gpart checks if guessed partitions extend beyond the disk size and marks those "invalid", but may be mistaken in case the disk size is calculated from an incorrect geometry. For instance if a disk with the geometry 1028/255/63 should be scanned, and the OS reports 1024/255/63 gpart should be called like
exchanging /dev/hda with the block device name of the disk in question. This should be done for all disks in the system. To restore the primary partition table without overwriting the MBR type
Warning: make sure that all parameters are typed as shown and that the disk device is correct. Failing to do so may result in severe filesystem corruption. The saved file should be stored in a safe place like a floppy disk.
The increment also influences the condition where extended partition tables are searched: if the scan increment is "s" (i.e. 1) extended partition tables are required to be on a head boundary, otherwise they must be on a cylinder boundary.
If the disk geometry could not be retrieved and no geometry was given on the command line, the default increment is one sector.
Additionally the guessed partition entries can be edited. No checks are performed on the entered values, thus the resulting table is allowed to be highly inconsistent. Please beware.
Warning: The guessed partition table should be checked very carefully before writing it back. You can always write the guessed partition table into a plain file and write this into sector 0 using dd(1) (see section PRECAUTIONS above).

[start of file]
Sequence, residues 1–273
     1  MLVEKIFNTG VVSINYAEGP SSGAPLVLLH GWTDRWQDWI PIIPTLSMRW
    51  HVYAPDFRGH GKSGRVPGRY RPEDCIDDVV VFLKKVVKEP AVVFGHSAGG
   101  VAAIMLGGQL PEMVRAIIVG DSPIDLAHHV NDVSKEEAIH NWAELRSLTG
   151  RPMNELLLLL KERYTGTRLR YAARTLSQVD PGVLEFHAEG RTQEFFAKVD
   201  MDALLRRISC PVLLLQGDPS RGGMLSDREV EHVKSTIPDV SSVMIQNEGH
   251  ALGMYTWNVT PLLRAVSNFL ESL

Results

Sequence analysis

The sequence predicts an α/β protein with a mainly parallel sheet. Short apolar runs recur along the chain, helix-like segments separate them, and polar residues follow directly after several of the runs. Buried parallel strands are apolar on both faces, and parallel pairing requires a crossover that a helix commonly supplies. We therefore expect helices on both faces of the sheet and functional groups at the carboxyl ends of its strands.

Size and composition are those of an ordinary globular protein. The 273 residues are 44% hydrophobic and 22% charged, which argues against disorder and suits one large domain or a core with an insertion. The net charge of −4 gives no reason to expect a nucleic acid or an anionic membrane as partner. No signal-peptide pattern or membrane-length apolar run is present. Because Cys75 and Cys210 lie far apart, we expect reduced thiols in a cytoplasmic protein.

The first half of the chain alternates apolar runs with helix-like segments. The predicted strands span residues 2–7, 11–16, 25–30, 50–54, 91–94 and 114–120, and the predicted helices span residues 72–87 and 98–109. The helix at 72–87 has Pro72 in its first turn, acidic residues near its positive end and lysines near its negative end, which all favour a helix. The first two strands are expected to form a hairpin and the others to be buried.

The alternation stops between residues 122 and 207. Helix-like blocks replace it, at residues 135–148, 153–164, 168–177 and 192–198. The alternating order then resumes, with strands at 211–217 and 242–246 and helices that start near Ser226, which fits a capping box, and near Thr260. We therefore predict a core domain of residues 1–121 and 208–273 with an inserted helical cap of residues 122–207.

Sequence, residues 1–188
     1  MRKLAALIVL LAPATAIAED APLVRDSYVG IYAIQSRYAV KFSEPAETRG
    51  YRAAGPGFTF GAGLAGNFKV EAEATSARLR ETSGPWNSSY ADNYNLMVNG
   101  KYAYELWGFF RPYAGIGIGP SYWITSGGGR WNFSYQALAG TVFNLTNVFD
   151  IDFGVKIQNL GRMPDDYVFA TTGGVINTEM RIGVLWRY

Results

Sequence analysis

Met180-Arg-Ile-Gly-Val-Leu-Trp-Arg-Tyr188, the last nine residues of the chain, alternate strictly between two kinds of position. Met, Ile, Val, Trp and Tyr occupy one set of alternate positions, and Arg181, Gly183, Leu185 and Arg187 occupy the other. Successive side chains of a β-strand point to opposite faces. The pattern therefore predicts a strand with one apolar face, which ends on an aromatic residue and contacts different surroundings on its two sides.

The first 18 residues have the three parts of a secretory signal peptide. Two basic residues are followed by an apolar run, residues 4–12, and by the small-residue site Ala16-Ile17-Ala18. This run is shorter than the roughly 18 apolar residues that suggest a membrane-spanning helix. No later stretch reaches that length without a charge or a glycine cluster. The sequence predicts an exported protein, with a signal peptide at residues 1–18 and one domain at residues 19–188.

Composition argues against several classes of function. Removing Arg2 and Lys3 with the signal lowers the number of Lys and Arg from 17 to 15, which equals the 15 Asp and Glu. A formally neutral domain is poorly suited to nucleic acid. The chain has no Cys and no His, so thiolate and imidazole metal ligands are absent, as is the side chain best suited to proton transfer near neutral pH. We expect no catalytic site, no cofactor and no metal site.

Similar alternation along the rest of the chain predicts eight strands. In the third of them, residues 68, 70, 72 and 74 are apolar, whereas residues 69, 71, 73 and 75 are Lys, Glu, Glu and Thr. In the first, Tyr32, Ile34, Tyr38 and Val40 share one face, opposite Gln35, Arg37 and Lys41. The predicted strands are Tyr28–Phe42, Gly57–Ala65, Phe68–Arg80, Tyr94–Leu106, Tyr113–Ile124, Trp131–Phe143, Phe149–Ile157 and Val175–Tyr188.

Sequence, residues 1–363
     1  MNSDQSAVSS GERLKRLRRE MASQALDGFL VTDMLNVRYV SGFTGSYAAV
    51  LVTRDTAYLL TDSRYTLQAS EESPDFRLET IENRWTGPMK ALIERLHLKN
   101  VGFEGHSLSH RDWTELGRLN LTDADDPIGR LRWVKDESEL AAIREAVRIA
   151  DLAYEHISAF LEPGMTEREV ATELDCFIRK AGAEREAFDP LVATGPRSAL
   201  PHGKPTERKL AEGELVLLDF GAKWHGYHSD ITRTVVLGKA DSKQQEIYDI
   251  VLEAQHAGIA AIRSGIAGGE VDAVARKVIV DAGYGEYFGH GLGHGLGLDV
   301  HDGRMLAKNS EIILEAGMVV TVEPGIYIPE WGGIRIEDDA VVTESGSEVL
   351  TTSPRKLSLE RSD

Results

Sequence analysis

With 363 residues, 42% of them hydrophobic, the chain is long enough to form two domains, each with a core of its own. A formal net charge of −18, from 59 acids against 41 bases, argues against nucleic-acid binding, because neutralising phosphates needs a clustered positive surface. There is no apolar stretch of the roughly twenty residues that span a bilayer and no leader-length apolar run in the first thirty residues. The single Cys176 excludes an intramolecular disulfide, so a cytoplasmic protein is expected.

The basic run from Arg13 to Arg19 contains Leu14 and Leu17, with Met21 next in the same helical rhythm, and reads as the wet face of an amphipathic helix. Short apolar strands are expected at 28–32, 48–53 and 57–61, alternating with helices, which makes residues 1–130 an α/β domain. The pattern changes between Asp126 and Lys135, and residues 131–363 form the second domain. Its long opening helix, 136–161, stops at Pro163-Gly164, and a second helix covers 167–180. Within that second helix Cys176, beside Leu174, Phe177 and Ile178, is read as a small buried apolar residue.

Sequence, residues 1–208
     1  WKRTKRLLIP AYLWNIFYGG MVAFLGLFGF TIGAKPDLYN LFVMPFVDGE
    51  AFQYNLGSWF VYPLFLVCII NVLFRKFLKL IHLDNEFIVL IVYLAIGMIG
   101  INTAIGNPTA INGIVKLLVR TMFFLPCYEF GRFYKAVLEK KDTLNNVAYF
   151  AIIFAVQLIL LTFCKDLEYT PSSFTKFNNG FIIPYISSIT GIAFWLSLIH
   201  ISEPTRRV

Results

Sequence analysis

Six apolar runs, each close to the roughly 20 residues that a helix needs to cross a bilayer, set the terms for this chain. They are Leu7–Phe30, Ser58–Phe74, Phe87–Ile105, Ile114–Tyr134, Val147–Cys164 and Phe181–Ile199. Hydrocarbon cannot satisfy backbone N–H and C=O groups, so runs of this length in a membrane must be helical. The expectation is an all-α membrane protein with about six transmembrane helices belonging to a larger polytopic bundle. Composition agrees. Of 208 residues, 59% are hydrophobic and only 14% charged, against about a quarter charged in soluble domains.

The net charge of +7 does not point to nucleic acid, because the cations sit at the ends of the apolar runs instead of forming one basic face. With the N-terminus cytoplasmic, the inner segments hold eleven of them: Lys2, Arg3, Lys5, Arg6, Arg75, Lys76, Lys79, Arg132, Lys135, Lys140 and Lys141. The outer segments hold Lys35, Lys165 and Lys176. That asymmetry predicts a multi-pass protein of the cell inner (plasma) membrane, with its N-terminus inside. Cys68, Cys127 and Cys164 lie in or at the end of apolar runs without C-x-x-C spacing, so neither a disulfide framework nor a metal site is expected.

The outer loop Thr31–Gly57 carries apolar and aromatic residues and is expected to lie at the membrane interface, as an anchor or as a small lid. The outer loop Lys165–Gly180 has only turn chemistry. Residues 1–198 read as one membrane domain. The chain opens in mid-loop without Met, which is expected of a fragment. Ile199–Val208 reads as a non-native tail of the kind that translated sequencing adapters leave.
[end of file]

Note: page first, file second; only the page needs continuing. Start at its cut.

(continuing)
Default settings are "-n h".
- To print the primary partition table of the third IDE drive without starting the scan loop in FreeBSD type
- If lilo(8) was installed in the master boot record (MBR) of a hard disk it saves the contents of the first sector in a file called /boot/boot.<major/minor>. To list the partitions contained in such a file type e.g.
If the partition table contains an extended partition, gpart will complain about invalid extended partition tables because the extended entry points to sectors not within that file.
- Usually the first primary partition starts on the second head. If gpart cannot identify the first partition properly this may not be the case. gpart can be told to start the scan directly from sector one of the disk, using the sector-wise scan mode:
- Suppose gpart identifies an NTFS partition as FAT on a certain disk. In this situation the "ntfs" module should be made the first module to be probed and given a weight higher than the usual weight of 1.0:
To list the available modules and their weights use the -L option.
- After having checked the output of gpart at least thrice, the primary partition table can be written back to the device this way:
This of course may be extremely dangerous to your health and social security, so beware.
- A hard disk with 63 sectors per head is scanned in steps of 63 sectors. To perform the scan on every second head while skipping the first 1008 sectors type
- If you want to see how easily gpart can be mislead, and how many probable partition starts are on a disk, search the whole disk really sector by sector, writing all output to a logfile:
Usually gpart will not be able to produce an educated guess of the primary partition table in this mode. The logfile however may contain enough hints to manually reconstruct the partition table.
- gpart only accepts extended partition links with one logical partition. There may be fdisk variants out there creating links with up to three logical partition entries but these are not accepted.